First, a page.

Bovine aortic ECs were isolated from adult bovine aortas by scraping after collagenase treatment. ECs between passage 4 and 10 were grown in DME with Ham's F12 nutrient mixture (1:1 vol/vol) containing 10% fetal calf serum (Hyclone Laboratories, Logan, UT). ECs were made quiescent in serum-free DME with 0.1% gelatin for 24 h before migration assay. EC migration was studied using the razor-scrape method as previously described (Chaudhuri et al., 2003 ). Migrating cells were quantitated by an observer blinded to the experimental condition using NIH Image software (http://rsb.info.nih.gov/ij/).
Mouse aortic endothelial cells (MAECs) were harvested from wild-type (WT) and TRPC6-deficient (TRPC6−/−) mice (Dietrich et al., 2005 ). The Institutional Animal Care and Use Committee approved the proposed study. Mice were anesthetized by intraperitoneal injection of ketamine (80 mg/kg) and xylazine (5 mg/kg). MAECs were isolated following the method of Shi et al. (2000) with modification of the culture medium. Briefly, the aorta was removed, cut into rings, and placed into Matrigel in tissue culture wells. After 2–3 d, ECs growing from aortic rings were plated into a six-well plate coated with 0.2% gelatin and cultured in M199 medium with Ham's F12 nutrient mixture (4:1) with 10% fetal bovine serum (FBS) and gentamicin (1 μg/ml medium). EC identity was confirmed by immunostaining with anti-human von Willebrand Factor polyclonal antibody (1:100, Dako, Carpinteria, CA). Passage 3 or 4 MAECs were used in the experiments.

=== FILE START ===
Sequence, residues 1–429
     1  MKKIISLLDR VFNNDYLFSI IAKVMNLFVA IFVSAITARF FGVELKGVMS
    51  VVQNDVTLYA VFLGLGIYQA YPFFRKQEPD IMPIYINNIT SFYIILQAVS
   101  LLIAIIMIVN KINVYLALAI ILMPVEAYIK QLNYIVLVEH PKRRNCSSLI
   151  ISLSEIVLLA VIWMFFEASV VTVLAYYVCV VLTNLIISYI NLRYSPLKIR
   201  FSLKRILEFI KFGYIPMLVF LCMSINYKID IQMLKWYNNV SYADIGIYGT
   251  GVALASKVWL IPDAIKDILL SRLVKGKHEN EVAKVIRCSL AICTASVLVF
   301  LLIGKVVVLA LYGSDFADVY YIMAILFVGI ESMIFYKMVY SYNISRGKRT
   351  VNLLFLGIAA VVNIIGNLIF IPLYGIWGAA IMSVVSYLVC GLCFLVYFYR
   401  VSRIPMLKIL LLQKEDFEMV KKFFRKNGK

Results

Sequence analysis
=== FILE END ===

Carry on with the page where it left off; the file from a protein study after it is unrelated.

Confluent ECs were either washed in tissue culture medium or incubated overnight in serum-free DME containing 0.1% gelatin, before treatment. After treatment, cells were harvested by scraping in cold lysis buffer. Insoluble material was removed, and soluble protein was measured. Samples containing equal amount of protein were incubated with the antigen-specific antibody overnight at 4°C. Protein A-G plus agarose beads were added for 2 h. Beads were collected by pulse centrifugation, washed with cold lysis buffer, resuspended in 40 μl 2× Laemmli buffer, and boiled. Proteins were separated by 4–12% gradient SDS-PAGE.
Lysates were stored at −20°C until analyzed. Proteins (50 μg/lane) were resolved by 4–12% gradient SDS-PAGE, transferred to a polyvinylidene difluoride membrane, and detected by antibodies specific for TRPC6 (1:250, Sigma, St. Louis, MO), TRPC3 (1:250, Sigma), TRPC5 (1:250, Sigma), or phosphotyrosine (1:1000, Santa Cruz Biotechnology, Santa Cruz, CA). The signal was developed using a chemiluminescent reagent (Perkin Elmer-Cetus, Boston, MA), and band density was quantitated using NIH Image software. To confirm equal loading, membranes were reprobed for actin (Chemicon, Temecula, CA).